For more information, please contact Kelly Classic, HPS Media Liaison, email@example.com, 507-284-4407 (office until 1/26 or after 2/3), 507-254-8444 (cell)
McLean, VA, January 22, 2008 What new frontiers of science can be probed with the worlds first free electron laser using x-ray wavelengths" How can we quickly deploy appropriate radiation detection systems to any location on a highway when a vehicles cargo is suspect" How much has the average medical radiation exposure increased and why"
These and other questions will be addressed at the 2008 Midyear Topical Meeting of the Health Physics Society (HPS), which will take place January 28-30, 2008 in Oakland, California at the Oakland Marriott Convention Center. Approximately 400 attendees are expected, with over 130 presentations throughout the three days.
Here are two examples of the noteworthy talks that will be presented at the meeting:
MEDICAL RADIATION EXPOSURES RISING
In 1982, the per capita radiation dose from medical imaging was estimated to be 0.54 mSv (millisieverts, a standard unit of radiation exposure) and the collective dose was124,000 person-Sv. Just 14 years later, the National Council on Radiation made preliminary estimates that the per capita dose from medical exposure (not including radiotherapy) had increased almost 600 percent (to about 3.0 mSv.) The collective dose had increased over 750 percent to about 880,000 person-Sv. The largest contributions and increases have come primarily from CT scanning and nuclear medicine. (Presentation TPM-B.1 Tuesday, January 29, 2008, Presenter email: firstname.lastname@example.org)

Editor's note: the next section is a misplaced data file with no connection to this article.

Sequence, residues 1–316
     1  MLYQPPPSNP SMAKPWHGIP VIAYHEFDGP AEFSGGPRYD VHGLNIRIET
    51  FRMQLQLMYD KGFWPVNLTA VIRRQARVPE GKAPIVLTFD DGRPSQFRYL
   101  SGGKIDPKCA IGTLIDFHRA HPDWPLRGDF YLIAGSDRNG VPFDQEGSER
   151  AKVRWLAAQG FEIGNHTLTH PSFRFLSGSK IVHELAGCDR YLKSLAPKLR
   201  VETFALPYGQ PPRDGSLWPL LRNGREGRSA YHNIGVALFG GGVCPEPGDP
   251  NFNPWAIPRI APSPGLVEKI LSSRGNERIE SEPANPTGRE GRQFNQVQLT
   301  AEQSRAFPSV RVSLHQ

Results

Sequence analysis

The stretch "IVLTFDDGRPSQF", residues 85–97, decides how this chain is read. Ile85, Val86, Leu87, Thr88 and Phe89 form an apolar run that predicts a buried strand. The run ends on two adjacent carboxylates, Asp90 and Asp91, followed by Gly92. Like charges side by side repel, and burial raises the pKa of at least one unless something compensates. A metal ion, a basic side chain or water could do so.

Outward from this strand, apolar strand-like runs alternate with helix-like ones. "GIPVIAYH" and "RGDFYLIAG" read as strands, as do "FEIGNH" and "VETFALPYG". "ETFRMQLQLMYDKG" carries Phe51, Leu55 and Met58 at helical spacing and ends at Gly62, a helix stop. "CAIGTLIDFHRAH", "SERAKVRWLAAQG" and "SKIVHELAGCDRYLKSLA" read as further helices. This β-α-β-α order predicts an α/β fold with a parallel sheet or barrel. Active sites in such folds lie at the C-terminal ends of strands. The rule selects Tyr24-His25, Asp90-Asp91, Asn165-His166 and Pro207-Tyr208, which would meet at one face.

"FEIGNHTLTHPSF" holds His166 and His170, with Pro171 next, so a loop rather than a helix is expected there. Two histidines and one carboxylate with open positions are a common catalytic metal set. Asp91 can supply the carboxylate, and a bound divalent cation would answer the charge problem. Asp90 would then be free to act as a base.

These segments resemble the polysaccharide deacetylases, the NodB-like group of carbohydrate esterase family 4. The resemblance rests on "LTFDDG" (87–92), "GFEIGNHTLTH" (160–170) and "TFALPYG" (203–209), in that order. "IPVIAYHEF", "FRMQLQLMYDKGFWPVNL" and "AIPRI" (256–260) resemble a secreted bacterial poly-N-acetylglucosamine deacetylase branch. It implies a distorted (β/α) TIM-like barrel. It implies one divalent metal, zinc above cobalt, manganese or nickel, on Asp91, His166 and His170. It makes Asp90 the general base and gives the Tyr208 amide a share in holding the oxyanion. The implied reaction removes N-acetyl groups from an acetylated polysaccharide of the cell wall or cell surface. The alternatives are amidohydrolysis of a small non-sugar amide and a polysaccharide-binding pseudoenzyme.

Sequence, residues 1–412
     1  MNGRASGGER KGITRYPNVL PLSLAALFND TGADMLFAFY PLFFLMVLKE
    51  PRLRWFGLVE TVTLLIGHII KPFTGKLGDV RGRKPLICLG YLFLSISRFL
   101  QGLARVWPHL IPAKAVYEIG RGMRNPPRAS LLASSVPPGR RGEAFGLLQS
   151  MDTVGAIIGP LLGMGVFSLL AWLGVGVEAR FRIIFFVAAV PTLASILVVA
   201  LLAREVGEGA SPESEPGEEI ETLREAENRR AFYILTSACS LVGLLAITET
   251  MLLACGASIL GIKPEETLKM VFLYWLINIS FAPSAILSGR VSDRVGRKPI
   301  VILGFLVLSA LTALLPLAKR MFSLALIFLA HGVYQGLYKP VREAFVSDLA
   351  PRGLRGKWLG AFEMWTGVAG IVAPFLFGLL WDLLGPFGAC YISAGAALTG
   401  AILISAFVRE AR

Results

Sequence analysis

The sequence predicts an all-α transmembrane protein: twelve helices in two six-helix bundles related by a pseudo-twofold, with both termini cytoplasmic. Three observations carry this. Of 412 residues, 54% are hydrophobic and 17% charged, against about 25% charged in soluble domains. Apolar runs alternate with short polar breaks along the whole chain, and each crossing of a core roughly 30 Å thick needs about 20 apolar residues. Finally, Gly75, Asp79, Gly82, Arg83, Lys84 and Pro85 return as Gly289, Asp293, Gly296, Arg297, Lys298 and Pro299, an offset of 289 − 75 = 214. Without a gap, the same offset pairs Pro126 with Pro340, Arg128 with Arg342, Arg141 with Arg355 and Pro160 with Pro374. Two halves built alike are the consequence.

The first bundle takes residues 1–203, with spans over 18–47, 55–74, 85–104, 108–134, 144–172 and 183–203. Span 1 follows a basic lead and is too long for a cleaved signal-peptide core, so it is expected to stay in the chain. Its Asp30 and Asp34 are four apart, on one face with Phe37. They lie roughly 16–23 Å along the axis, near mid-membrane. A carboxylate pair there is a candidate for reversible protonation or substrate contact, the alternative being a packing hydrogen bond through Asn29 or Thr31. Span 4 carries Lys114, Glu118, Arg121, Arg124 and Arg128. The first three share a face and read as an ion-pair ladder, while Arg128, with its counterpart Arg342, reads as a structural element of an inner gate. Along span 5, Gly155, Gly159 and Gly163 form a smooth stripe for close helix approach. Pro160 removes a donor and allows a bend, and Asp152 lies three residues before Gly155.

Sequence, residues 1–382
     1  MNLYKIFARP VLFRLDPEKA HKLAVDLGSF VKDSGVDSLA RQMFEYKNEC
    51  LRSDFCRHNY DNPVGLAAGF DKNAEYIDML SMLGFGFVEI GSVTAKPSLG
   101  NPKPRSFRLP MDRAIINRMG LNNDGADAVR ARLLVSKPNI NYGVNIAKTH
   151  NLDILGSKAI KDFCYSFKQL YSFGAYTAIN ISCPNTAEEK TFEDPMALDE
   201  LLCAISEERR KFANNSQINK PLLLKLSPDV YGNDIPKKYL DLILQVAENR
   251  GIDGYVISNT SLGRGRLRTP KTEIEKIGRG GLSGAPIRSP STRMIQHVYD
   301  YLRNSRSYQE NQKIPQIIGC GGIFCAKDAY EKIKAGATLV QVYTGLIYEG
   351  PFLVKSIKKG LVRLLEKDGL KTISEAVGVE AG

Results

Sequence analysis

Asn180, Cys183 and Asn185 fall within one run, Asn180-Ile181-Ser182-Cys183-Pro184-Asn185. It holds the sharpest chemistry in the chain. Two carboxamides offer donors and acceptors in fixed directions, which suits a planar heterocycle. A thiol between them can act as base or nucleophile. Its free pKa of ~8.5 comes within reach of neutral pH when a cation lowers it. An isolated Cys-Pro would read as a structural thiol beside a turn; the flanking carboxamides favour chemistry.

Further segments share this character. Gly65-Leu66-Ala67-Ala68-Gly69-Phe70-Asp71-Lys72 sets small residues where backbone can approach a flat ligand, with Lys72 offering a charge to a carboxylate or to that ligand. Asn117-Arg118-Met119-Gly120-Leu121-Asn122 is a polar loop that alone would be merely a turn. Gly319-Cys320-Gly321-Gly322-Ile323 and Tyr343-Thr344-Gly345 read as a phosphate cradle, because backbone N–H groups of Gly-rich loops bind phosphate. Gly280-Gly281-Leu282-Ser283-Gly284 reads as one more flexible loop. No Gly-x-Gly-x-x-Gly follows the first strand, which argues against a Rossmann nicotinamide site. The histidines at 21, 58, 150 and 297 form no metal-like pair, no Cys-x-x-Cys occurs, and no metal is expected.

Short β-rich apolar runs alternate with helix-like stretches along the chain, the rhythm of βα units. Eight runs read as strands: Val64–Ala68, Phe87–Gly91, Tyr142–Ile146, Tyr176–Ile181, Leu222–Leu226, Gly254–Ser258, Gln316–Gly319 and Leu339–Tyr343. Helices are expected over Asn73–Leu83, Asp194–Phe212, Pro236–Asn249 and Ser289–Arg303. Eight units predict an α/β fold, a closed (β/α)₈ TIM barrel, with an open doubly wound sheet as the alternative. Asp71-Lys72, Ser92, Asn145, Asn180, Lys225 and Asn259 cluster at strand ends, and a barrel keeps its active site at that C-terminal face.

WORLDS FIRST FREE ELECTRON X-RAY LASER
The Linac Coherent Light Source (LCLS) at the Stanford Linear Accelerator Center (SLAC) will be the world's first free electron laser at x-ray wavelengths when it becomes operational in 2009. Ultra-fast pulses of unprecedented brightness will enable completely new classes of experiments, such as following atomic rearrangements during chemical reactions, and imaging of single molecules.
Information about these and all of the presentations can be found at http://hps.org/documents/2008_midyear_preliminary_program.pdf.
|Contact: Jason Bardi|
American Institute of Physics